Documents that have emerged in investigations of other transactions involving an overlap of interests for public pension managers and their private investments suggest the potential pitfalls. A Blackstone Capital Partners VI document that surfaced in a 2012 Securities and Exchange Commission investigation of the Kentucky Retirement System includes provisions for the firm to give “more favorable” terms to certain fund investors over other fund investors.

“Those provisions mean that private equity insiders could be granted special advantages at the expense of other investors like New Jersey's pension fund,” said former SEC attorney Ted Siedle, who now conducts forensic pension investigations for groups representing retirees. “There’s no assurance of a level playing field for all investors. It is the opposite -- these contracts allow certain investors to profit at the expense of other investors. This is exactly why there’s a huge potential for a conflict of interest when a private investor’s firm is investing in the same fund that the investor is having a public pension fund invest in.”

Another Blackstone Capital Partners VI document from the SEC investigation lays out a way in which Grady could have been granted preferential treatment on his private investment: The document says “each investor admitted as a limited partner...will be required to commit a minimum of $20 million.” Blackstone says it reserves the right to waive those minimums in special circumstances. Wyoming documents show Grady’s firm was permitted to buy into Blackstone Capital Partners VI with a $2.69 million commitment -- an amount the document says represents the “total amount” of its investment.

Blackstone appears to have given Grady a break on its usual minimum investment requirements; the firm declined requests for explanation.

A Useful Bailout

For Grady, Blackstone has served as more than a useful investment vehicle: The fund's resources have been used to co-invest on a bailout deal with a firm on whose board he serves, according to federal filings.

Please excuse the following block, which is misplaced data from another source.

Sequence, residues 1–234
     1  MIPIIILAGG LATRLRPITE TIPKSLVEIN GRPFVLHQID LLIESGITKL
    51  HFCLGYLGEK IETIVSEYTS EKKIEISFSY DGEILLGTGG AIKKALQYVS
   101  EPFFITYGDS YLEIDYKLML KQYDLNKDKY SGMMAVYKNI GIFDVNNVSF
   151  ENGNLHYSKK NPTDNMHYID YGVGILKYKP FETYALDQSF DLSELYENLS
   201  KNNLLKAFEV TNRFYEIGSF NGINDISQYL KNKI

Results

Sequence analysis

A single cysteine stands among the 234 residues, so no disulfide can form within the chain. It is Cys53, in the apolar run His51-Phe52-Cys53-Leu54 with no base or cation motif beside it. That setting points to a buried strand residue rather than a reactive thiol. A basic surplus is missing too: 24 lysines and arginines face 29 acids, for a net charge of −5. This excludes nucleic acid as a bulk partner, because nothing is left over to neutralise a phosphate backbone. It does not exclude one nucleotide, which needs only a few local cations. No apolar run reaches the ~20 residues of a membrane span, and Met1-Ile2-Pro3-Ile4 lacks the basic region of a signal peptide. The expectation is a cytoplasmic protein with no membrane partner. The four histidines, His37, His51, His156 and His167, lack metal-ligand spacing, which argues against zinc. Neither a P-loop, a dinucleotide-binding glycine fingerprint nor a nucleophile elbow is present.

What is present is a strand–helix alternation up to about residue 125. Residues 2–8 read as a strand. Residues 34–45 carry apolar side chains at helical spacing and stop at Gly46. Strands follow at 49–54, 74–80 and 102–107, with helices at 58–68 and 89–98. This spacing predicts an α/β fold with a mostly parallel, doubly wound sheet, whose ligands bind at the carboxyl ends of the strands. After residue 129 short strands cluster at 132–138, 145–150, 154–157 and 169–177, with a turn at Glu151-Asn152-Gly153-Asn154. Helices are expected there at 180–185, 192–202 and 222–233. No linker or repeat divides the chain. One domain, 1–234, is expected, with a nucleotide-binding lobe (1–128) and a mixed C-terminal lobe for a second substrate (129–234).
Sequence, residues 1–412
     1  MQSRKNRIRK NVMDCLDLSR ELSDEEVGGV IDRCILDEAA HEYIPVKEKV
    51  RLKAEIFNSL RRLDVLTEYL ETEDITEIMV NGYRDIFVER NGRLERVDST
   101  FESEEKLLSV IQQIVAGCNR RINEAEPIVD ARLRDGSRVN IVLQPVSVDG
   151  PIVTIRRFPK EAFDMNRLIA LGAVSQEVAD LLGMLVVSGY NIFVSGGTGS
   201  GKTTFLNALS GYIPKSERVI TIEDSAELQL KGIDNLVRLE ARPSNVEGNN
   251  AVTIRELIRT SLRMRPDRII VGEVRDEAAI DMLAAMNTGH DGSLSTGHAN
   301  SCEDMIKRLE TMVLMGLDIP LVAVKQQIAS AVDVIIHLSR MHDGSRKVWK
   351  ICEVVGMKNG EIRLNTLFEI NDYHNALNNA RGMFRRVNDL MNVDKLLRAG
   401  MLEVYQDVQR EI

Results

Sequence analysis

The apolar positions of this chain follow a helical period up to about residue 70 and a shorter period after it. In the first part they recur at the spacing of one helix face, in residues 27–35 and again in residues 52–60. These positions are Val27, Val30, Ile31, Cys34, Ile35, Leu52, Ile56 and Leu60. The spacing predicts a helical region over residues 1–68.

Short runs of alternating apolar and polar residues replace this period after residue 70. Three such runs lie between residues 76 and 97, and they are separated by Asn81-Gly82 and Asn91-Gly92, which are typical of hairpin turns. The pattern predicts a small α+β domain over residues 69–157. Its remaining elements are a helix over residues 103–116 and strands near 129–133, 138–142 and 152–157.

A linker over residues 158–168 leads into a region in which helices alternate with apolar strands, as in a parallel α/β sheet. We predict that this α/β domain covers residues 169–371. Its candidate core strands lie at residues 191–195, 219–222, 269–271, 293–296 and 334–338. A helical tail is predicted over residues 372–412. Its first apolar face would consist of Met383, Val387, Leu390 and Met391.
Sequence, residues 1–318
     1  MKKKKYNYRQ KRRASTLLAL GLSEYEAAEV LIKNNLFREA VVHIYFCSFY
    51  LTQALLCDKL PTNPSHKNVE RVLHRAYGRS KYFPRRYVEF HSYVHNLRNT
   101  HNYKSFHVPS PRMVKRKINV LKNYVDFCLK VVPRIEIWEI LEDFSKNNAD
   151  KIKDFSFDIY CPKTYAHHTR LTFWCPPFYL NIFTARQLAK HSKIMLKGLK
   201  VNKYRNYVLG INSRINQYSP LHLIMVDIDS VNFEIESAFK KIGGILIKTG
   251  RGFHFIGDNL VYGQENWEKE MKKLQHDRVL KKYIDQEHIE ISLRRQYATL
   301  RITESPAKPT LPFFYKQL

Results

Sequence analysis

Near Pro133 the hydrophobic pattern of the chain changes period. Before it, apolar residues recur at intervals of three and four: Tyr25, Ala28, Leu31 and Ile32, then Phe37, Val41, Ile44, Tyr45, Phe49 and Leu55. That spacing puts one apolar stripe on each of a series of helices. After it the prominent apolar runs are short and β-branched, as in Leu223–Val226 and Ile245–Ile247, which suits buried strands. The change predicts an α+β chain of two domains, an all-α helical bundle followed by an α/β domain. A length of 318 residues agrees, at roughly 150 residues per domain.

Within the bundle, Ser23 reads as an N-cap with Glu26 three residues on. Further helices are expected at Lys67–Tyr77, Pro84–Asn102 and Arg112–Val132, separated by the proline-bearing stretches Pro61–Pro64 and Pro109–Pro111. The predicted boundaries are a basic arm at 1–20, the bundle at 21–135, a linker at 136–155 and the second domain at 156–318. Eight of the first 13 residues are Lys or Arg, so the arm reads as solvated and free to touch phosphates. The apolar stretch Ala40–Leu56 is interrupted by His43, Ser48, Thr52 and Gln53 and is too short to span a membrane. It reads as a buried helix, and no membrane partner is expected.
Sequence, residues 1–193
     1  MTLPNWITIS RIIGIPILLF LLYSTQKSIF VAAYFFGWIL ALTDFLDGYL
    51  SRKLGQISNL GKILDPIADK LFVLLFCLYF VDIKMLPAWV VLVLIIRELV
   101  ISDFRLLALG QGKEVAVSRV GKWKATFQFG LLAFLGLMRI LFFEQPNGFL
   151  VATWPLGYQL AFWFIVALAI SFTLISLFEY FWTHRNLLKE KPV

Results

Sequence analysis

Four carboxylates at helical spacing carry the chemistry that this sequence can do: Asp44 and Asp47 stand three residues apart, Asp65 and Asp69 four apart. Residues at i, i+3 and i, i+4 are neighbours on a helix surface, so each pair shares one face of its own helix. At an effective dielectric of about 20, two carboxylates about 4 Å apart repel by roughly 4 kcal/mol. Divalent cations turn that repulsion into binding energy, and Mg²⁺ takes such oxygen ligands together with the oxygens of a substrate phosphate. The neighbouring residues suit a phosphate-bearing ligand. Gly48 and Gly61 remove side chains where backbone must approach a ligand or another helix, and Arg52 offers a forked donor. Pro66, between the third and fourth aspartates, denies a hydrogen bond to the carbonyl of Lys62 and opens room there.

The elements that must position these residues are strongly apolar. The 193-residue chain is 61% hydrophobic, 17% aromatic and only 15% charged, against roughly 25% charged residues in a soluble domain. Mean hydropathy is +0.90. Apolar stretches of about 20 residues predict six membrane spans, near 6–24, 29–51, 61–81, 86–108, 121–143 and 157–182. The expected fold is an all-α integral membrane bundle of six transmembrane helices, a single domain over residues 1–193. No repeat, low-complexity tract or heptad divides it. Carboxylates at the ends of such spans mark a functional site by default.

In August 2012, Blackstone Capital Partners VI used money from its investors to finance a deal involving Knight Capital Group, according to SEC documents. Knight had notably suffered losses in the wake of news that a computer glitch in its electronic trading system had sent share prices plummeting on the New York Stock Exchange. The infusion of Blackstone money stopped the bleeding. Blackstone had been joined in its rescue of Knight by another firm, Stifel Financial, which later acquired a piece of Knight's trading and sales operations. Among the members of Stifel's board was Grady, according to corporate documents.

According to SEC documents, Grady also owns more than 10,000 shares of the company's stock, and N.J. financial disclosure forms show Grady is compensated for his position at Stifel.

In short, Blackstone Capital Partners VI applied its investors' money -- including funds from the New Jersey pension system -- to co-invest with Stifel, whose board included among its ranks the overseer of New Jersey's pension investments.

Santarelli, the New Jersey Treasury department spokesman, said Grady's State Investment Council would have no knowledge or influence over how Blackstone opted to invest the money in its fund. Yet a New Jersey investment official previously declared that state officials often influence the financial decisions of the private equity funds in which the state invests.

"We're a large player," said then-Division of Investment executive director Timothy Walsh, in a May 2011 interview with the Bergen Record. "We have impact." He told the newspaper that state pension officials sit on advisory boards for most of the private equity firms with which New Jersey invests, adding that New Jersey's pension system is better able to influence private equity firms' decisions than those of companies whose stock it owns. 

The New Jersey state pension system listed 600,000 shares of Stifel in its portfolio in 2013, according to the New Jersey Department of Treasury's annual report. Stifel executives made $15,000 worth of contributions to the New Jersey Republican Party in 2011, according to campaign finance disclosures.

Assemblyman John Wisniewski, a Democrat who chairs the New Jersey legislature’s Select Committee on Investigation, called for a formal investigation into the Blackstone transactions.

“I’m deeply concerned that Mr. Grady had an unacceptable conflict of interest that he failed to disclose,” said Wisniewski. “The health of our pension system is of paramount concern not just to the former employees who are collecting pensions or current employees who hope to get their pensions, but also to the entire citizenry of New Jersey who bear an ultimate responsibility to pay those benefits. To find out that the people entrusted with faithfully administering that system are potentially self-dealing for their own benefit is troubling and should be investigated.”